Glow-in-the-dark coronavirus testing is first project of new hire

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rep lennemann lab 550pxNicholas Lennemann, Ph.D., in his lab, where he is adapting the fluorescent screening technique he developed for enteroviruses as a postdoc into a new type of test for SARS-CoV-2, the novel coronavirus that causes COVID-19. Coronavirus testing is a marvel of biomedical engineering. Detecting infection requires amplifying a miniscule amount of genetic material from the SARS-CoV-2 virus in a sample from the back of a patient’s nose or a few drops of saliva. But this medical marvel requires a complex mix of reagents and materials. As the entire planet, more or less, tries to get its hands on the same set of ingredients all at once — the key ingredients are in short supply.

Nicholas Lennemann, Ph.D., an assistant professor and new faculty member in the Department of Microbiology, has an idea for a new way to diagnose COVID-19. In March, despite the fact that he didn't yet have his lab set up, Lennemann's project was one of 14 COVID-19 research ideas from School of Medicine investigators to receive pilot funding from the school and its Precision Medicine Institute.

"I started March 1 and was only in the lab 15 days before the work-from-home order," Lennemann said. "I was here just long enough to get my feet wet and get to campus without using Google Maps."

But Lennemann had already been "thinking of how I can use my toolset to help the cause" of fighting COVID-19. As a postdoc, he developed a test that uses fluorescence to detect the presence of enteroviruses, which are so named because they are transmitted through the intestines. Polio is an enterovirus; so is EVD68, which made headlines after a 2018 outbreak that had one research paper wondering if it was going to be "the new polio." At UAB, he plans to extend his work on the test. What if, he wondered, he could use it to find SARS-CoV-2.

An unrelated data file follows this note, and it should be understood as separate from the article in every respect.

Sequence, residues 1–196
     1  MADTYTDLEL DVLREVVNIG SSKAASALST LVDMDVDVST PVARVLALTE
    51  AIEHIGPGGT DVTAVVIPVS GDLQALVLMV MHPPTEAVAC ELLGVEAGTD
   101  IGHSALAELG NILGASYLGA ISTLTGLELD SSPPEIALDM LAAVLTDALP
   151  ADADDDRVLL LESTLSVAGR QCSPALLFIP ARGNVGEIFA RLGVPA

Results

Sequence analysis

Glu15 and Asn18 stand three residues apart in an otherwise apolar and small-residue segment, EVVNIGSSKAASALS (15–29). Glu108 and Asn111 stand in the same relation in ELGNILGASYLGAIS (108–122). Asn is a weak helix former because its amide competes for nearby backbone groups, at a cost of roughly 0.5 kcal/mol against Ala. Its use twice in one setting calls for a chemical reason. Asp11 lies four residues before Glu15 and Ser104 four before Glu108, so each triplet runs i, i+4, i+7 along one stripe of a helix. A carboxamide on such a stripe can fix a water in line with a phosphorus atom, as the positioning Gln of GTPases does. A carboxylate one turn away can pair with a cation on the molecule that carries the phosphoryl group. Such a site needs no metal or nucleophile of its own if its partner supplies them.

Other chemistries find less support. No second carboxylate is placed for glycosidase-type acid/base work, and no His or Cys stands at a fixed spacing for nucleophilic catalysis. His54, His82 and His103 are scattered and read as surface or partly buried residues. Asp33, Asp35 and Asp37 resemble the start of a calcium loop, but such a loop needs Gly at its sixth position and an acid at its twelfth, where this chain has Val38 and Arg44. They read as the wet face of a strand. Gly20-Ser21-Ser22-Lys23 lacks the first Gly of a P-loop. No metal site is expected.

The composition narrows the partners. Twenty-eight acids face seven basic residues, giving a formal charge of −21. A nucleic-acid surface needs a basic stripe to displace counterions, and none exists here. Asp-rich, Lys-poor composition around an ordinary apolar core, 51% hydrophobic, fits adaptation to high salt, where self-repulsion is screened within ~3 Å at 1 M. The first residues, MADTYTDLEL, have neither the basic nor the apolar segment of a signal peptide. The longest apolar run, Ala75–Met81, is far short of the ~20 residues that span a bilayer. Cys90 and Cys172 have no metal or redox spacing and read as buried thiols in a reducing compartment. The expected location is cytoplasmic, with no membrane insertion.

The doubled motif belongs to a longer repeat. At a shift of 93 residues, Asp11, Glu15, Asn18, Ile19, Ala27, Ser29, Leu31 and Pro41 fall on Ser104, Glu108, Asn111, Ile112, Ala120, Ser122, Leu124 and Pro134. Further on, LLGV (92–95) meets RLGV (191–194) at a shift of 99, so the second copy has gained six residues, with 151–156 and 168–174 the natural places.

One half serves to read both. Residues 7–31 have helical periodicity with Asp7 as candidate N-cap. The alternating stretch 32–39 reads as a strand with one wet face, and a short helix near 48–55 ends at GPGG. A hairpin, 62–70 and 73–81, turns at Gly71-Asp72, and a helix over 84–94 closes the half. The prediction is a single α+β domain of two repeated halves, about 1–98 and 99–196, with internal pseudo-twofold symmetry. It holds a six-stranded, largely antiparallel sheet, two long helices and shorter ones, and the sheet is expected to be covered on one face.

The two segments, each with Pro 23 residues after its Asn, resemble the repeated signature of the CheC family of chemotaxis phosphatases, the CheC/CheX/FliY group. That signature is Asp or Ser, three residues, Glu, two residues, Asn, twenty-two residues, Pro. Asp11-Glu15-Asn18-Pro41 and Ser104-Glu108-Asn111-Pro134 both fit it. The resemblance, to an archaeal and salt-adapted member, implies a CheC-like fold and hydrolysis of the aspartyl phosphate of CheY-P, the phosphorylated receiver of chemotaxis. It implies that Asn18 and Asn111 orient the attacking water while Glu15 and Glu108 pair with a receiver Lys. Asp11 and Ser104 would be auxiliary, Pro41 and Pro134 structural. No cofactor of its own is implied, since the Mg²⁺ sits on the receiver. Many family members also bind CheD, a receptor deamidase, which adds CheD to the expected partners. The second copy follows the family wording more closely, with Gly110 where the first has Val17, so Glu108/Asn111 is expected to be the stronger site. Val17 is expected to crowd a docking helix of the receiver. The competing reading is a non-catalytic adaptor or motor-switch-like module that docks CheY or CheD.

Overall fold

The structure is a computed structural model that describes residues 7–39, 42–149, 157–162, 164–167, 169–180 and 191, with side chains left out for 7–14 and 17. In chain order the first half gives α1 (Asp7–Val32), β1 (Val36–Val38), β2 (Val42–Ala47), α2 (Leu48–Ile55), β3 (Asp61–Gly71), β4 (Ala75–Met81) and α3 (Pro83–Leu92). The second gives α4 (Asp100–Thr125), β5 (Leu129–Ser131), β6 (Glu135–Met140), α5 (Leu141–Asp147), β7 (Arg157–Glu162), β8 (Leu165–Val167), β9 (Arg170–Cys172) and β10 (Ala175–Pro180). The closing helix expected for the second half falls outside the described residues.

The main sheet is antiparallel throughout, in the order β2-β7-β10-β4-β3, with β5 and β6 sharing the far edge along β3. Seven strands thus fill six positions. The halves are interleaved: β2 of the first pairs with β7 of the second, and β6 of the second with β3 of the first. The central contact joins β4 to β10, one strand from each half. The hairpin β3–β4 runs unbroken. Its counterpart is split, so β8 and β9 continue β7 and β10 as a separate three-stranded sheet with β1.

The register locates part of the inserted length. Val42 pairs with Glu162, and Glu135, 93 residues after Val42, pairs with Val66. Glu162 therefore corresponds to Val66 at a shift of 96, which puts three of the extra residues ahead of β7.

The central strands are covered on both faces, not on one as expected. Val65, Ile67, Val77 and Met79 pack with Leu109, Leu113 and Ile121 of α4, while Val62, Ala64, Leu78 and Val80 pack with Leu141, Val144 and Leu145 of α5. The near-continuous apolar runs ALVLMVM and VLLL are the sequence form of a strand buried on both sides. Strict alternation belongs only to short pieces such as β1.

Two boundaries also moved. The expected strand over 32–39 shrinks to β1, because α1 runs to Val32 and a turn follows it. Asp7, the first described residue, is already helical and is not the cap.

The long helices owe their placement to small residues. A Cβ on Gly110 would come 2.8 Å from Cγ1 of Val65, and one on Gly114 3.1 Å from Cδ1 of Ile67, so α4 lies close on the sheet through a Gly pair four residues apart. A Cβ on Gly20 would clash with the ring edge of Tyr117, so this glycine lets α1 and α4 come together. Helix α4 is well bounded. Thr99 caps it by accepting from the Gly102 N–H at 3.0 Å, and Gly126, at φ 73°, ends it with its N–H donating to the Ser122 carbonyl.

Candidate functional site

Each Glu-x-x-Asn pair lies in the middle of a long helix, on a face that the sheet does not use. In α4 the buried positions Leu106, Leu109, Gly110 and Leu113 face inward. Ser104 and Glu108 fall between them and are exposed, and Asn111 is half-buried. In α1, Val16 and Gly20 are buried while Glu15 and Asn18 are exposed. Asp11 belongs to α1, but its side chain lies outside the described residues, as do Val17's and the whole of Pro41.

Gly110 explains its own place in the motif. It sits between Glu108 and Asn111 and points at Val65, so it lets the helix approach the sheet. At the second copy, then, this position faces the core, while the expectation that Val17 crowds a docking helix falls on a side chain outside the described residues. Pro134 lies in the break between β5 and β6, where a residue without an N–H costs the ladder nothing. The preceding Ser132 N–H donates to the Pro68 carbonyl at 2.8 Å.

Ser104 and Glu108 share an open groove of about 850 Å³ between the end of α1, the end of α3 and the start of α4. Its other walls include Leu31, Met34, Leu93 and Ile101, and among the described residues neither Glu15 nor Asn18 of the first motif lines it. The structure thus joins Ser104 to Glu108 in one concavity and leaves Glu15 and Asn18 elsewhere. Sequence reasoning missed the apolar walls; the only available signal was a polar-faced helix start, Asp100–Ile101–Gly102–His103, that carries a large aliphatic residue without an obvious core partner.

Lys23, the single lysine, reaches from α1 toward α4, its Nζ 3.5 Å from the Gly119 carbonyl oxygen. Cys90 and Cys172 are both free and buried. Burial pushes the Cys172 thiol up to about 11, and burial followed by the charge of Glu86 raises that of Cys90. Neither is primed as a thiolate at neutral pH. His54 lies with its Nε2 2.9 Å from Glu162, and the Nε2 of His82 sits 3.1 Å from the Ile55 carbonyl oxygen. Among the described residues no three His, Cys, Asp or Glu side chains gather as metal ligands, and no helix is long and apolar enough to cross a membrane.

Story continues after infographic

rep lennemann CoV Rep Model 900pxImage courtesy Nicholas Lennemann

How it works

Viruses are too small to be visualized with standard microscopes. You can see cells, of course, "but there is no way to know if a cell has been infected without something like this," Lennemann said. His assay relies on the intricacies of intracellular transport to warn of a viral infection by triggering a fluorescent response visible by microscope.

How does it work? Cells typically have one big compartment, the cytoplasm, surrounding a smaller one, the nucleus, "where the DNA is," Lennemann said. "There are transport mechanisms in the cell that can take a protein from the cytoplasm into the nucleus.” These cellular movers rely on chemical tags that tell them which proteins need to be transported. Lennemann has put that signal on a fluorescent protein that can recognize a specific type of virus. This protein normally is attached to the endoplasmic reticulum, a network of tubes in the cytoplasm that is involved in protein synthesis, where it watches for signs of unauthorized protein replication, such as that carried out by viruses.